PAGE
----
the middle of the bit perio...
AMPLITUDE
       AMPLITUDE        BINARY 0                                    BINARY 1
                          S1(t)    ...
out one or more tags that match the selection criteria. This method can be used to perform
a tree walking anti-collision p...
9.3.5 Security of Class-1 Gen-2 Tag

A 16-bit CRC is applied to the EPC for error detection [10]. In addition, a 16-bit CR...
PART III

                       RFID SECURITY AND THREATS

10 RFID Threats
RFID technology is quickly evolving in the sup...
passive tags adds undesirable cost. The EPC Class-1 Gen-2 tags do have enhanced
security that was added to address some co...
database that contains information on this particular EPC number. If an attacker
       can pose as one of the authorized ...
An attacker deletes data on a tag.

           o An attacker kills tags in the supply chain, warehouse, or store disruptin...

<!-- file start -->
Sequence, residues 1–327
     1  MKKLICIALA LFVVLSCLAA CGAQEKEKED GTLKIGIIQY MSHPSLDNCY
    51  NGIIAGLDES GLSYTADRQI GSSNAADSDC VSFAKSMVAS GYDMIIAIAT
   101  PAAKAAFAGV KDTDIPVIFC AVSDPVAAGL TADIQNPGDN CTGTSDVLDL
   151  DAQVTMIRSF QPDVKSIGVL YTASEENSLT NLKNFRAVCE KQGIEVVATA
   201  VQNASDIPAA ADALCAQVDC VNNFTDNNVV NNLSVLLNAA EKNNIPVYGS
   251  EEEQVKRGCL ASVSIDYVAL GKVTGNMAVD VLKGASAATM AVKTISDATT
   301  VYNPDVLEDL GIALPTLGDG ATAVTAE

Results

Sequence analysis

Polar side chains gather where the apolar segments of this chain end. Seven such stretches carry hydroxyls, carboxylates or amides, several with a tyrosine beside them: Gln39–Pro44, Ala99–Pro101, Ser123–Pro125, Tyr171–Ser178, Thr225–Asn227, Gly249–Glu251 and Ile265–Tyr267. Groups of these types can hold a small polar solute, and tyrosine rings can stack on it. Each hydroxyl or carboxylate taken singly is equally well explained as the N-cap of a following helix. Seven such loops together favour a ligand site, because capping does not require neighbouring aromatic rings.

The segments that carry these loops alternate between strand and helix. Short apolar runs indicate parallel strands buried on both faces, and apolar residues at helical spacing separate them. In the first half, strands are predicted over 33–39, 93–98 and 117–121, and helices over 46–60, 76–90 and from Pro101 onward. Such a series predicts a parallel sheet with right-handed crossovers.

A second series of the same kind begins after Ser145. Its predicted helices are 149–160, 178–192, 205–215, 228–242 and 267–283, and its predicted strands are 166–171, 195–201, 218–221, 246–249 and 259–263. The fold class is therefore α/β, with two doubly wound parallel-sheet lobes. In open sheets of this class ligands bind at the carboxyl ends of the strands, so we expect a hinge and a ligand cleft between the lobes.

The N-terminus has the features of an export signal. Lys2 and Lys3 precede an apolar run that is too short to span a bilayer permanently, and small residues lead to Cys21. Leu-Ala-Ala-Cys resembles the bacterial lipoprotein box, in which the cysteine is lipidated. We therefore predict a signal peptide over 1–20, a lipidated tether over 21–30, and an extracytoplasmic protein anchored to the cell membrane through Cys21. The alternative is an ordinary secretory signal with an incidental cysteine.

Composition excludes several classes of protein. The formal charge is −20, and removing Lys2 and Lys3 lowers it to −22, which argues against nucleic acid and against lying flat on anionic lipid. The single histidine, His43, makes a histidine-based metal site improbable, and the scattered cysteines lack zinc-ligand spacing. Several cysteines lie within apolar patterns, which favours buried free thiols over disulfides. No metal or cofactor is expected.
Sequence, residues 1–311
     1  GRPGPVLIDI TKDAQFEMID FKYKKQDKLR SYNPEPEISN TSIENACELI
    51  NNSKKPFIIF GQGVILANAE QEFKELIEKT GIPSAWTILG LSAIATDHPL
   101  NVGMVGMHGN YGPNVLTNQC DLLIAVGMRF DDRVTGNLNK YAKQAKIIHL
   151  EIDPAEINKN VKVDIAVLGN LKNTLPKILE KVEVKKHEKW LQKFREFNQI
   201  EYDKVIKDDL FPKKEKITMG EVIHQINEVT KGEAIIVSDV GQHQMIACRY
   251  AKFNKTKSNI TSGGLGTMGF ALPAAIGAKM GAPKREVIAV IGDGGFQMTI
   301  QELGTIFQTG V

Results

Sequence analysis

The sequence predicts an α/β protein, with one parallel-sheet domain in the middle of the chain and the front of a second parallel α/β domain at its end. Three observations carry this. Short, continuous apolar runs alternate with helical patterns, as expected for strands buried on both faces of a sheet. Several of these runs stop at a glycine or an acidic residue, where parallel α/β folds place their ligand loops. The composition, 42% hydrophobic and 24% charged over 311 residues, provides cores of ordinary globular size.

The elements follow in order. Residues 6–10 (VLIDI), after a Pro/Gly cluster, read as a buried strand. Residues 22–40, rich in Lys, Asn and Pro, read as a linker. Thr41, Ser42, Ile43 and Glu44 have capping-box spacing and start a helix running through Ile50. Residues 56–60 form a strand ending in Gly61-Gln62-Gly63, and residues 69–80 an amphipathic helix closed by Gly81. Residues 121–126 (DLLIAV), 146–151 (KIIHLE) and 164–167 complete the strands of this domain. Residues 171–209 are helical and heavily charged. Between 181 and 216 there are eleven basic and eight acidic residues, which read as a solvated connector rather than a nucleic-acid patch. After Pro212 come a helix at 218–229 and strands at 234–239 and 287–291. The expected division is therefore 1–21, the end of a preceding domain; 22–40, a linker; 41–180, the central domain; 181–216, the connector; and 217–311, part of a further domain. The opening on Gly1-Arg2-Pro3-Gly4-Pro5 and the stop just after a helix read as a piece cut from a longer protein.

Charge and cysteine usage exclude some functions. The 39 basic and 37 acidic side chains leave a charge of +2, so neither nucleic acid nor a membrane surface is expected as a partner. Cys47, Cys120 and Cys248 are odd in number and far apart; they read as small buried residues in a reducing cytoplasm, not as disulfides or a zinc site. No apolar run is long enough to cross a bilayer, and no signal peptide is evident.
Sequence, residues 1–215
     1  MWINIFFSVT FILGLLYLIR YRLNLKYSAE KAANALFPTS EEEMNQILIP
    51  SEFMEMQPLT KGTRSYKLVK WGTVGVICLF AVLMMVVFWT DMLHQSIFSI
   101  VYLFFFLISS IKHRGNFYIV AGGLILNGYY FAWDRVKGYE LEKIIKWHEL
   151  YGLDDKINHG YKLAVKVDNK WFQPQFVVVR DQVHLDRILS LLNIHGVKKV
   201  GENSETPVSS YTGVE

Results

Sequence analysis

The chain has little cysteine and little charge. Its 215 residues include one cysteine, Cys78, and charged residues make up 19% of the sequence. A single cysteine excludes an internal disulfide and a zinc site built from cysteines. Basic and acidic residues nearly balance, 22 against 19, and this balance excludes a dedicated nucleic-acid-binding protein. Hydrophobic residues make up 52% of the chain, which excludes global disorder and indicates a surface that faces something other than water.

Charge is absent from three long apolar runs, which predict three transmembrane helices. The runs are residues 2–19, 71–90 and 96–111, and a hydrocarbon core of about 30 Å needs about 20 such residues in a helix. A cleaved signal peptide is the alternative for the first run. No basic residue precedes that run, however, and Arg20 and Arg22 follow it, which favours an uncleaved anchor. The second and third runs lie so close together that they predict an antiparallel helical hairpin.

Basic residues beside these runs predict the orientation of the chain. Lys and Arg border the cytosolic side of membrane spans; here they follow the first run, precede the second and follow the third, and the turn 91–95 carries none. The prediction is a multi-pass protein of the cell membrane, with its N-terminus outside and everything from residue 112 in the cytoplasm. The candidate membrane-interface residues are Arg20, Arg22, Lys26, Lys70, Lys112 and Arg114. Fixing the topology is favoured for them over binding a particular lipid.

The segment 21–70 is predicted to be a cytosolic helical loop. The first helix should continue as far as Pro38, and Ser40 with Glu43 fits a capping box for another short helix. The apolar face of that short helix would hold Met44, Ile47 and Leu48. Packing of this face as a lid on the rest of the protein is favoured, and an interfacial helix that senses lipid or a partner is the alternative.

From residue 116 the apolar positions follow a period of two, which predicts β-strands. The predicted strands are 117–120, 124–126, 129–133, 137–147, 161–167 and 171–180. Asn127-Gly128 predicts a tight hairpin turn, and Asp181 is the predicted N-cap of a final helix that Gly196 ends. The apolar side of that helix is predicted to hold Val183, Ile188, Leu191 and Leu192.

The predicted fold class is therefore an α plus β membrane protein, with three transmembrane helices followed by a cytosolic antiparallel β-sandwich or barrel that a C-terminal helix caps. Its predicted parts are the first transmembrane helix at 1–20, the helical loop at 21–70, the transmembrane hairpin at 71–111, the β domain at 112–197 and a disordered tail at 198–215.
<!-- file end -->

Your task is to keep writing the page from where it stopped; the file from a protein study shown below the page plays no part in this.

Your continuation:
10.4 Information Disclosure

Information disclosure occurs when information is exposed to an unauthorized user. It is
a th...
10.5 Denial of Service

Denial-of-service denies service to valid users. Denial-of-service attacks are easy to
accomplish ...
An attacker performs a traditional Internet denial-of-service attack against ONS.

       An attacker sends URL queries to...
11 References
[1] Intermec Technologies Corporation, ―RFID overview‖. Available:
http://epsfiles.intermec.com/eps_files/ep...
[14] D. Dressen, ―Considerations for RFID Technology selection,‖ Atmel Applications
Journal.

[15] Radio-Frequency-Identif...
[29] S. Bono, M. Green, A. Stubblefield, A. Juels, A. Rubin, and M. Szydlo. ―Security
analysis of a cryptographically-enab...
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  1. 1. RFID Technical Tutorial and Threat Modeling Version 1.0 By: Neeraj Chaudhry, M.S. Dale R. Thompson, P.E., Ph.D. Craig W. Thompson, Ph.D. Department of Computer Science and Computer Engineering University of Arkansas December 8, 2005 1